Rabbi Jacqueline Mates-Muchin earned two A’s, one A-plus and one A-minus during her first semester at the University of California, Santa Barbara.
When she told her Chinese grandfather, she was disappointed but not shocked by his response.
“He said: ‘You got an A-plus, but an A-minus, too,’ ” recalled Mates-Muchin, 36, now the associate rabbi of Temple Sinai in Oakland.
Mates-Muchin, whose mother is second-generation Chinese-American and whose father is the son of Austrian Jewish immigrants, recognizes a lot of her own childhood in “Battle Hymn of the Tiger Mother,” Yale University professor Amy Chua’s controversial book about raising her daughters with traditional Chinese norms of strict discipline.
Mates-Muchin’s parents, both physicians, expected her and her four siblings to get good grades and go on to graduate school. But the expectation was stronger from the Chinese side of the family, she says, as was the insistence on respect for elders.
When her older brother graduated from medical school, she and her sisters joked that “we’d be introduced from now on as ‘Dr. Mates and his siblings,’” she recalled.
But like other children of Chinese-Jewish couples interviewed by JTA for this story, Mates-Muchin sees a lot of exaggeration in Chua’s description of her heavy-handed approach to child rearing, which included forbidding her children to sleep over at friends’ homes and pressuring them to excel at music lessons.
“When I read The Wall Street Journal article about her book, I expected it to feel more familiar than it did, because I have a Chinese mother,” Mates-Muchin said. “But it was very extreme.”
Noah Leavitt and Helen Kim, sociologists at Whitman College in Walla Walla, Wash., had a similar reaction to Chua’s book and the passionate reaction to it in media and blogs all over the country.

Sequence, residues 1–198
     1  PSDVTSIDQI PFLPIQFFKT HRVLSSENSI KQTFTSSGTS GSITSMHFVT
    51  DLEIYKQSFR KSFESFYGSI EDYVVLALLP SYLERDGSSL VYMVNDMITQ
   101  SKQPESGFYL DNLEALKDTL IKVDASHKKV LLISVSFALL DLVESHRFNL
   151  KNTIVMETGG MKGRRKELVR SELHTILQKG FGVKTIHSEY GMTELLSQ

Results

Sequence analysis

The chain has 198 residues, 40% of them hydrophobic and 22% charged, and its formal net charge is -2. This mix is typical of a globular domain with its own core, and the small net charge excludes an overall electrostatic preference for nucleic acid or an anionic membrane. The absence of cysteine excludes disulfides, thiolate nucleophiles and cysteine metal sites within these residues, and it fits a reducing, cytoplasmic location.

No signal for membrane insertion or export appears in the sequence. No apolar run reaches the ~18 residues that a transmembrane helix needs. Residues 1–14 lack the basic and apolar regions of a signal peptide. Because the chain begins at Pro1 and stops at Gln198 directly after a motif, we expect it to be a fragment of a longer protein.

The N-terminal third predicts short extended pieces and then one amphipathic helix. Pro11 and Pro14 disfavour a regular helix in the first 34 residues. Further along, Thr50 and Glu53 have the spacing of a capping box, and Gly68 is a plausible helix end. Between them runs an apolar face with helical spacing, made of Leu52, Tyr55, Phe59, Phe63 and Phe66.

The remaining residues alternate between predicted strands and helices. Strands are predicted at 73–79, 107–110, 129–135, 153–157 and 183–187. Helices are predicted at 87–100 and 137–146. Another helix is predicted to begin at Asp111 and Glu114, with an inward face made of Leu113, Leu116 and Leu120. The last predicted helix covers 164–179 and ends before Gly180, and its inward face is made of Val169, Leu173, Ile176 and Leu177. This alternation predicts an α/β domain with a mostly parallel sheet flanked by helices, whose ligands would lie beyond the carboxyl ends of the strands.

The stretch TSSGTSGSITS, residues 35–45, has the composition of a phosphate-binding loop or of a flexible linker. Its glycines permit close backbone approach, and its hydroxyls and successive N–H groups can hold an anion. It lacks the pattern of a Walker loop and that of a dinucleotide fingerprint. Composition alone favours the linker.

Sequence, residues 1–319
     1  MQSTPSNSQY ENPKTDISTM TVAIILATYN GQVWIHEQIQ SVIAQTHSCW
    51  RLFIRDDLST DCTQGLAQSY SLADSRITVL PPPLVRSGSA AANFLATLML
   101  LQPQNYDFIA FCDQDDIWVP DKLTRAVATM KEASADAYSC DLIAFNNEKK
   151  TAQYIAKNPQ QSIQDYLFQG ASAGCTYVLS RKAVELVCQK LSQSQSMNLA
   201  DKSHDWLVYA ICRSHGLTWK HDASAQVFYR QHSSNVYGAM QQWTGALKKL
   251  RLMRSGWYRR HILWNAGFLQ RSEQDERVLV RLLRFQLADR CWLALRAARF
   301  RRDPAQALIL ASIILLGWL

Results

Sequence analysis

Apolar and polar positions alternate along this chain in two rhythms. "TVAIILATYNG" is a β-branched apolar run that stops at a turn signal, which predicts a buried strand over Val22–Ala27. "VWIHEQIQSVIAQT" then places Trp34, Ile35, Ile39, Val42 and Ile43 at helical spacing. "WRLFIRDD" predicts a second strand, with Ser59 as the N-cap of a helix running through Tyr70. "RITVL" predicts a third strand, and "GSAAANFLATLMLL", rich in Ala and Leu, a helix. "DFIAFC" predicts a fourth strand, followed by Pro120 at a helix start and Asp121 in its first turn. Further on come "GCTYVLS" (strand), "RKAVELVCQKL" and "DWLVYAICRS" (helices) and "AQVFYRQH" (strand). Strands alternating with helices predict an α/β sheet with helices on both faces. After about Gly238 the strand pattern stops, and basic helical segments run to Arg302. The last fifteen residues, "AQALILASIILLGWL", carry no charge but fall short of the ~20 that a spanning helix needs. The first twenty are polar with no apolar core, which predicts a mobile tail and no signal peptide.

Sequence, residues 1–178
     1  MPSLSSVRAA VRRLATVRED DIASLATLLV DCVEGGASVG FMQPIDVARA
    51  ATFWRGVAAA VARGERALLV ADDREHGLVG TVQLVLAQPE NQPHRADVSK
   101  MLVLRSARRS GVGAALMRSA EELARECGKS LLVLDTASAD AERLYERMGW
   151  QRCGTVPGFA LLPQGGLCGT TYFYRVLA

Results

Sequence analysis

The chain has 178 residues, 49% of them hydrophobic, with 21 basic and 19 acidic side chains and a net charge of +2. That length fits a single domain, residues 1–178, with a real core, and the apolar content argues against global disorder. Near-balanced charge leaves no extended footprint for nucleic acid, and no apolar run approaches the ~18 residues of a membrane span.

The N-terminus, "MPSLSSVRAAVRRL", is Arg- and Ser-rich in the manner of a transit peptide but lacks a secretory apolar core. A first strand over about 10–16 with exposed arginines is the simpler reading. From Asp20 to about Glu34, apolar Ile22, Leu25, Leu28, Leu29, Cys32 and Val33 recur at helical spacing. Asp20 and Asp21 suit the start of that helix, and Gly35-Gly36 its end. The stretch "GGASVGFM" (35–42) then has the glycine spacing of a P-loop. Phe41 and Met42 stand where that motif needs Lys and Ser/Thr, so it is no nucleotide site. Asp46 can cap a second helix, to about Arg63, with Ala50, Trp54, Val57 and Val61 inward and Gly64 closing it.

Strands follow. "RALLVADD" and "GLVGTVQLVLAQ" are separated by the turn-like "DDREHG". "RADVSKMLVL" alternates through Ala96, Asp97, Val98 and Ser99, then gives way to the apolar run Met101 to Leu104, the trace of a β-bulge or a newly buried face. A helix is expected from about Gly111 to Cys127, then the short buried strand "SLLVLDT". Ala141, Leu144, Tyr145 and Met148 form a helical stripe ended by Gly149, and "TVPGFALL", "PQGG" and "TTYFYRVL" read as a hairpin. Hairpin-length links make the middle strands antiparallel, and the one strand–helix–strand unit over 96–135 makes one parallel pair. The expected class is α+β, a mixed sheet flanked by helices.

The duo recently concluded in-depth interviews with 37 Asian-Jewish couples as part of a two-year research project on how Asian-Jewish couples navigate their cultural identities, and they report that they did not find the level of discipline Chua describes.
“We talked to a lot of different kinds of families – Chinese and other Asian, straight and gay, East Coast and West Coast – and we found nothing close to the way Amy portrayed the way she mothered,” Leavitt said. “We met a number of their kids, and they didn’t complain about anything like that.”
It’s true that the children of the couples they interviewed “were very involved in lessons and homework and other programmed activities of upper-middle class life,” Leavitt said, but he and Kim, his Korean wife and co-researcher, attribute that to class as much as to cultural background.
When it comes to parental expectations, it’s hard to tease out the Asian from the Jewish component, he said. Both cultures prize academic excellence and hard work. But children are subject to a myriad of influences, as are their parents, and after a certain point, causality becomes murky.
“When you hear my name, you think: Hebrew first name, Chinese last name—I should have been a neurosurgeon who plays the violin,” Dafna Wu joked.
Wu, raised in Brazil by her Shanghai-born father and Ashkenazi Jewish mother, is a nurse practitioner in San Francisco who raised three daughters with a Jewish lesbian partner.
“I think culture informs everything,” she said. “All of us have lots of stories, and they all inform who we are.”
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